The Winnipeg Foundation: Attacking the root causes of poverty with low-flush toilets

You've spent $3 million on an innovative project that lasted five years from start to finish. You've achieved next to nothing. But now the funder wants to know what you've accomplished with the time and money. So what do you do? That's right. You BLUFF. Anyone reading about the Centennial Neighbourhood Project in the newspaper ( Neighbourhood investment pays dividends , Winnipeg Free Press, Dec. 17, 2008) was left thinking " That's nice ." Anyone who knew anything about the Centennial Neighbourhood Project was left sputtering " What the hell ?" It was obvious from the get-go that the reporter knew nothing about the project. (Note to newspaper reporters: Google is your friend.) He regurgitated what he was fed without realizing what a sorry pack of excuses he was handed. The Winnipeg Foundation announced the Centennial Neighbourhood Project (CNP from now on) in 2003. The Foundation said it, in concert with the Moffat Family Fund (a donor-advised fu

Matthew Dumas Inquest sinks hopes of the victim industry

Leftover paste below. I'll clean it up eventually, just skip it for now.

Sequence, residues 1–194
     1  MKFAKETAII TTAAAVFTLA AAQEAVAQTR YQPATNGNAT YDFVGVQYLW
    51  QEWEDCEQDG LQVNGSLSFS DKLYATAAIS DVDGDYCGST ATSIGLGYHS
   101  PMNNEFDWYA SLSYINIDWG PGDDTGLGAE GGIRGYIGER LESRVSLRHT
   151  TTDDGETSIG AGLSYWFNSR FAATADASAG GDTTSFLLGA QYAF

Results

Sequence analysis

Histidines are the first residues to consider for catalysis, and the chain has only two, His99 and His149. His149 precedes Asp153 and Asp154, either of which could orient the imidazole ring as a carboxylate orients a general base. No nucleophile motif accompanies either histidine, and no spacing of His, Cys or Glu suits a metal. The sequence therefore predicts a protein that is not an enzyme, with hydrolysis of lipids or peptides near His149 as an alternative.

You know the economy is in trouble when even the Native Grievance Industry is in recession. Projects being cancelled, lawyers laid off. .. Oh, the misery. Just look at the Matthew Dumas Inquest. It had such promise once. The Inquest would be followed by a lawsuit. Ka-ching . The lawsuit would be followed by a public inquiry. Ka-ching. Ka-ching . The Inquiry would be followed by mandatory "sensitivity" and "cultural" training for the police for as long as the rivers flow and the grass grows. Ka-ching. Ka-ching. Ka-ching . Oh, the per diems to be filed. The hotel rooms to be booked. The travel time to be paid, the studies to be made, the elders to be consulted, committees to be formed and funded. It was such a growth industry. And now, all lost. Oh, woe. Where did it go wrong? Matthew Dumas was a petty criminal with great potential---to enter federal prison. Arrested in October, 2004 for possession of a weapon, he was back on the streets three months later, eighteen y